CELUS is creating a whole series of what it calls Cubos, which contain detailed electronic design information and includes ECAD details, port and connection information, usage specifications and a bill of materials (BOM).
“These are essentially building blocks,” said Pohl.
They are used by the Supernova platform to create designs, while the company’s other tool – Orbit - provides the library and know-how management for components, footprints, and the Cubos themselves.
“We’re building up a portfolio of Cubos and each is relevant to a functional specification. They can be simple – defining a temperature or voltage circuit, for example – or extremely complex, say if you are looking for an FPGA. The user simply enters search parameters and the specific Cubos will be identified. Your search will be determined by what you want to achieve. Each Cubos can be connected to others and so you’re able to address further requirements or include any peripherals that might be needed as the design develops,” explained Pohl.
CELUS uses machine learning, supervised learning and reinforcement learning as well as huge data models to better understand the needs of engineers and to develop each specific Cubos.
CELUS has also been building partnerships with different companies including the likes of Avnet, Kyocera AVX, Molex, and Wurth to create and extend its library of Cubos.
“We don’t want to create a new ecosystem but rather plug-in to the existing one,” said Pohl.
“Our aim is to grow the library and to improve the platform’s overall performance,” said Pohl. “This means handling more users, running iteration loops faster, supporting new design structures, and consolidating our growing list of Cubos. Critically we want to make the process as simple and as straightforward as possible.”
The platform has grown much faster that Pohl expected, especially after the ‘push-back’ they received when they first started to talk about it to prospective customers.
“It was certainly much slower at the beginning than I had expected,” Pohl conceded, “but in the past twelve months it really has picked up. Our relationship with Avnet – a major distributor – has really helped. They have a miniature version of our tool live on their website. But while this is certainly a tremendous achievement for the company - it has brought much greater visibility - it’s also brought more complexity and has tested the capabilities of the business.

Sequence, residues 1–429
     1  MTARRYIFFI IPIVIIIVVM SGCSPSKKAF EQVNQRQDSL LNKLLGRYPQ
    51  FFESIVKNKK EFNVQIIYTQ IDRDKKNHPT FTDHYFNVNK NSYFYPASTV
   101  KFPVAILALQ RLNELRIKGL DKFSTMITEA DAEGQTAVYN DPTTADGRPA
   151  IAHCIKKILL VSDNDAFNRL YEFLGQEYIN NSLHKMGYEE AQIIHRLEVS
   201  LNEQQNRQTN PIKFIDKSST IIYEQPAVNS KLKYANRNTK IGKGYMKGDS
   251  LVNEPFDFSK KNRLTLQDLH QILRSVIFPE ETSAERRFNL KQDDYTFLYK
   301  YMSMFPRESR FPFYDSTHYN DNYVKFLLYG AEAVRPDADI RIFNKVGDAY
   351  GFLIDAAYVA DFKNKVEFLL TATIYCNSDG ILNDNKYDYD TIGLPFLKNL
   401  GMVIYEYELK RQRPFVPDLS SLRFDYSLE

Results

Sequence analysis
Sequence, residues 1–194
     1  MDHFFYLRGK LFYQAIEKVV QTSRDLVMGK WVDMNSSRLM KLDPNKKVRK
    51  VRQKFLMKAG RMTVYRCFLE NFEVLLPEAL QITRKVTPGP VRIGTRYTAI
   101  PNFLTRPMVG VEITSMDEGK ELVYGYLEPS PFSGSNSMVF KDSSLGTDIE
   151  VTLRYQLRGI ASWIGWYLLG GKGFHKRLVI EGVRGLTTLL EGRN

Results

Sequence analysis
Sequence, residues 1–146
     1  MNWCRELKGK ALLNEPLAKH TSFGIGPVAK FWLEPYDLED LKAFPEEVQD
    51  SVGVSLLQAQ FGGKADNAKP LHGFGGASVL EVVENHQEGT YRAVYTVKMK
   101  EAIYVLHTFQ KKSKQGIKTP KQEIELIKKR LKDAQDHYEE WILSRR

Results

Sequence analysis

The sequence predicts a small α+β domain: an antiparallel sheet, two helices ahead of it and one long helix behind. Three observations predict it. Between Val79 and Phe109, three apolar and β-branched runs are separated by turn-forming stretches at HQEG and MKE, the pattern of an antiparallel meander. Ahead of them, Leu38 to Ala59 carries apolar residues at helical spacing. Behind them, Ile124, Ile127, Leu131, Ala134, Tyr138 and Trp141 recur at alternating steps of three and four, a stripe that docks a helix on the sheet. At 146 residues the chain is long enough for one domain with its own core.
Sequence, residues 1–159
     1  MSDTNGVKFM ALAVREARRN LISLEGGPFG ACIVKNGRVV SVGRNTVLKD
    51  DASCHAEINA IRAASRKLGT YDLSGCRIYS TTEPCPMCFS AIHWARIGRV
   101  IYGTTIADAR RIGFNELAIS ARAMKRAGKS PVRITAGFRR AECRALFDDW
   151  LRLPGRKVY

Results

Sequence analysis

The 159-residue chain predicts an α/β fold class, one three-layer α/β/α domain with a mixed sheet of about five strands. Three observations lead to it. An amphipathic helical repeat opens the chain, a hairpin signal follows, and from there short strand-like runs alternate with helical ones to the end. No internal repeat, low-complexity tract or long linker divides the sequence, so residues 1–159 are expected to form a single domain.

“I think for many smaller businesses the big fear is saying no to opportunities. We’ve become better at selecting projects, focusing more on what matters and learning to just say no when we need to. The list of potential business opportunities is enormous, but you need to be able to prioritise.”
The company is taking on a lot of new staff and the CELUS team currently stands at 78 people.
“We’re doubling our staff numbers year-on-year,” said Pohl. “We’ve expanded our Munich office, and this year opened an office in Porto, in Portugal. Our aim is to expand our presence across Europe, but we’ll also look to grow the business in the US, where we intend to open a new office. Recruitment is a challenge but even from the beginning we invested in a strong in-house HR capability to better identify and retain the talent we needed.”
While Pohl’s vision is to transform the electronics design industry, he remains surprised at how limited the competition is.
“We thought that there would be hundreds of companies in this space by now, but that simply isn’t the case. When you think of what’s happening in the electronics industry, the rate of innovation, and simply its size you are left wondering why more companies aren’t looking to address the problems we identified back in 2018.”